Read very liberally, the complaint herein may allege that the named prison officials negligently oversaw the "frisking" of prisoners conducted by corrections officers. However, the plaintiff alleges no facts which support a claim that actions of the prison officials rose above the level of negligence. Therefore, the plaintiff is unlikely to succeed on his Fourteenth Amendment Due Process claim.
3. Section 1983 and Personal Involvement
It is well settled that the personal involvement of a defendant is a prerequisite for the assessment of damages in a § 1983 action, McKinnon v. Patterson, 568 F.2d 930, 934 (2d Cir. 1977), cert. denied, 434 U.S. 1087, 55 L. Ed. 2d 792, 98 S. Ct. 1282 (1978), and that the doctrine of respondeat superior is inapplicable to § 1983 claims. Polk County v. Dodson, 454 U.S. 312, 325, 70 L. Ed. 2d 509, 102 S. Ct. 445 (1981); Johnson v. Glick, 481 F.2d 1028, 1033 (2d Cir.), cert. denied, 414 U.S. 1033, 94 S. Ct. 462, 38 L. Ed. 2d 324 (1973).
In Williams v. Smith, 781 F.2d 319 (1986), the Second Circuit detailed the various ways in which a defendant can be personally involved in a constitutional deprivation. A supervisory official is said to have been personally involved if he or she: directly participated in the infraction; failed to remedy a wrong after learning of it through a report or appeal; created a policy or custom under which unconstitutional practices occurred or allowed such a policy or custom to continue; or, was grossly negligent in managing subordinates who caused the unlawful condition or event. Williams, 781 F.2d at 323-24.
In this case, the plaintiff does not allege that the defendant prison officials were personally involved in the attacks by the other inmates. Although then-Superintendent LeFevre was notified soon after the September 1988 assault, there is no indication that he or defendant Coughlin had any knowledge of the alleged unsafe conditions at the prison before these incidents. Further, the plaintiff does not allege that the prison officials created or allowed a policy or custom under which unconstitutional actions occurred. The plaintiff claims that the guards at the prison "were negligent in not being cautious about frisking prisoners," and asks the court to "set forth a program that exercises more survelliance [sic] in the correctional Department, so that not so many individuals are harmed by the negligence of officials incharged [sic] of the security or safety of prisoners." There is, however, no allegation that the purportedly negligent frisking of prisoners was related to any policy or custom put in place by the defendants. And, though it may be possible to liberally read the plaintiff's complaint as asserting a claim that the prison officials failed to adequately supervise or watch the prison guards frisk prisoners,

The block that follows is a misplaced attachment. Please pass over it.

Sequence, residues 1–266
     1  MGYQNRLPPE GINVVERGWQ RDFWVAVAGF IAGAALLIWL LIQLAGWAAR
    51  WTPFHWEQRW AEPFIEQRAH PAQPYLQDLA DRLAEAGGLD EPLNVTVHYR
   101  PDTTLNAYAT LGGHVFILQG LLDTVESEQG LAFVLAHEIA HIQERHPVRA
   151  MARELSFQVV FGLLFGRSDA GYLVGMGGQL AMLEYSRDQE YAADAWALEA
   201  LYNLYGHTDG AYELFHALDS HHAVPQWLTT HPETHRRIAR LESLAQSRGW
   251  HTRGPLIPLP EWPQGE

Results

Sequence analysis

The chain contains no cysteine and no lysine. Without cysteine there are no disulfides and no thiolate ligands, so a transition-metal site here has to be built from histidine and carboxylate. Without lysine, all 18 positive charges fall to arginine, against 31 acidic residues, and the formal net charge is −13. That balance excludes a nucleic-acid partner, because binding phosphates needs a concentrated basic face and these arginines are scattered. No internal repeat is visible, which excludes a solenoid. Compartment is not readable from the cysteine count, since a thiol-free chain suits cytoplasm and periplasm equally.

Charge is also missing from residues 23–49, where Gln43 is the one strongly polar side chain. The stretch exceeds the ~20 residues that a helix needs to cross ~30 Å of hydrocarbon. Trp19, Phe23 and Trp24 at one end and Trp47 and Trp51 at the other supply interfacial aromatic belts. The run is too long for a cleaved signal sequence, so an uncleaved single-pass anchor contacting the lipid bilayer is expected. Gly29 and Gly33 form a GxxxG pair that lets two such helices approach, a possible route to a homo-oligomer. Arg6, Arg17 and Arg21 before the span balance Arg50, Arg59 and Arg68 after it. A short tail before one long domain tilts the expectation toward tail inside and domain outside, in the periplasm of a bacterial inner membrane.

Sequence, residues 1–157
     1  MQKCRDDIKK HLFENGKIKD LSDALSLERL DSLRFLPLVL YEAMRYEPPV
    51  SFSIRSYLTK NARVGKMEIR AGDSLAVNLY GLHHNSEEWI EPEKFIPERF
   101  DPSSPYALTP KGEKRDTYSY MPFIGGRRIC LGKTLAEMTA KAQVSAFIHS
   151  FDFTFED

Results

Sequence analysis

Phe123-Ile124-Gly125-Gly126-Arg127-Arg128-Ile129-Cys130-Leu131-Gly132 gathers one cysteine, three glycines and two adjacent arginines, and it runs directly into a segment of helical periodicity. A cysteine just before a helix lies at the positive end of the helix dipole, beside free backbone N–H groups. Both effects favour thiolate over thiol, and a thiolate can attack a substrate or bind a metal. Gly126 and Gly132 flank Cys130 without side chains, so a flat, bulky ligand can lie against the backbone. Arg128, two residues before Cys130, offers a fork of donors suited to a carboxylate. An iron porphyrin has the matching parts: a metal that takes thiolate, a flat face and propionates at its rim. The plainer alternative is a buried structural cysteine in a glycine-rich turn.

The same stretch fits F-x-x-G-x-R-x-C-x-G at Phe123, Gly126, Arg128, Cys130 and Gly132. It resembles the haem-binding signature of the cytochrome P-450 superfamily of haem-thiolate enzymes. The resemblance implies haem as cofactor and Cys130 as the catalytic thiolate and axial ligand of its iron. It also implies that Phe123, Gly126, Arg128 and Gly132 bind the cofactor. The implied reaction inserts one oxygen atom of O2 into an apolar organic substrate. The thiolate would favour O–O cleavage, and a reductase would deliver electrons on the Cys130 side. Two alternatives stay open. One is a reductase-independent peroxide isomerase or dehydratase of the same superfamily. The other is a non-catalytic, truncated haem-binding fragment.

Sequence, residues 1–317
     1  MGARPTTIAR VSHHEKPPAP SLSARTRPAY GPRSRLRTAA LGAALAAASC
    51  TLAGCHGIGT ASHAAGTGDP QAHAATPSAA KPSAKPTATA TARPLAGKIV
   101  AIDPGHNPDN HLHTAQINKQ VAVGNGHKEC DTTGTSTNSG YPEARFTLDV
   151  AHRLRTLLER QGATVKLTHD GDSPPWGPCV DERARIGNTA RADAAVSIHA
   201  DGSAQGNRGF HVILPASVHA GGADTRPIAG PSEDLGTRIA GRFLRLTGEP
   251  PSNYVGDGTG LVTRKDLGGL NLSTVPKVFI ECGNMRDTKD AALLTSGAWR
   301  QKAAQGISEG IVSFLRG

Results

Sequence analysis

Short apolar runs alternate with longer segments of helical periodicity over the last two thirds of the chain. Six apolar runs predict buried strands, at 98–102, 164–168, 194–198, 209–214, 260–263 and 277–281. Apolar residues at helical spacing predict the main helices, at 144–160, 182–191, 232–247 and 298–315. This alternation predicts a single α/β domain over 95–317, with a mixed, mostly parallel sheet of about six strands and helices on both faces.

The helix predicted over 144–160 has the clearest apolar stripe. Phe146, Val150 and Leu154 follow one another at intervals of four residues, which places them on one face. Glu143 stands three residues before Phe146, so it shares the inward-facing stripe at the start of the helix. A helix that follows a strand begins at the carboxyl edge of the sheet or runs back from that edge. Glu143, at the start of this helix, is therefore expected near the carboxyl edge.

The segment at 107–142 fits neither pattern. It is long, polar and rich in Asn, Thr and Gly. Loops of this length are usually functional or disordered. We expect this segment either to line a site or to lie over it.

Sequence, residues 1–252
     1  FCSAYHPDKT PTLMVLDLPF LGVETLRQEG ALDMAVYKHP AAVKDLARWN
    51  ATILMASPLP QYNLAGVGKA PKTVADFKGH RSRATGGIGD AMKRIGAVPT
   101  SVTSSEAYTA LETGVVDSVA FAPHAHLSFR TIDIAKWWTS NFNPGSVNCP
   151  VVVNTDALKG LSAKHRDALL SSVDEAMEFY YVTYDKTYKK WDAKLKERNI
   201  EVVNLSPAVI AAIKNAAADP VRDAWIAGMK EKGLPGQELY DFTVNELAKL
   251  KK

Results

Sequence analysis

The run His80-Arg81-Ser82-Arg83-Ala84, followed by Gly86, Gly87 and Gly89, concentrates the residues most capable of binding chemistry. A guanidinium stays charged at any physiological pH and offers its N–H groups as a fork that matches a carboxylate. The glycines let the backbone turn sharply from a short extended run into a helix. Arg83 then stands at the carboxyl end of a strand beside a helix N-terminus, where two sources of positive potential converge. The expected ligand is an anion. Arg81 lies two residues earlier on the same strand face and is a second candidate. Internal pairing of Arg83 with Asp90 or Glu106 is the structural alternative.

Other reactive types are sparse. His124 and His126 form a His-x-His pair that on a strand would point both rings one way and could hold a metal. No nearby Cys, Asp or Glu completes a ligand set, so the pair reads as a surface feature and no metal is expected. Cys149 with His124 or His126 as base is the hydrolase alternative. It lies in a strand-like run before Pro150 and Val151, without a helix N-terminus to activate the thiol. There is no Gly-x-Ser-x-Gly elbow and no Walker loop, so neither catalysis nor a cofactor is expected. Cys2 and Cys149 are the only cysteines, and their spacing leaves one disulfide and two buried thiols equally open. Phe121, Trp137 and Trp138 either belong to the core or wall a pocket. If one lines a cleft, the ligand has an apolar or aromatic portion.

it does not appear that the defendants' management of prison employees rose to the level of gross negligence. It therefore appears that the plaintiff will have great difficulty satisfying § 1983's personal involvement requirement.
For all of the above reasons, the plaintiff's chances of succeeding in this action are "highly dubious," and the court therefore denies his application for appointment of counsel.
It is hereby
ORDERED, that the plaintiff's application for appointment of counsel is DENIED, and it is further
ORDERED, that the Clerk of the Court serve a copy of this order upon the parties in this action together with a form for consent to proceed to trial before the U.S. Magistrate Judge.
IT IS SO ORDERED.
DATED: May 11, 1995
SYRACUSE, NEW YORK
FREDERICK J. SCULLIN, JR.
U.S. DISTRICT JUDGE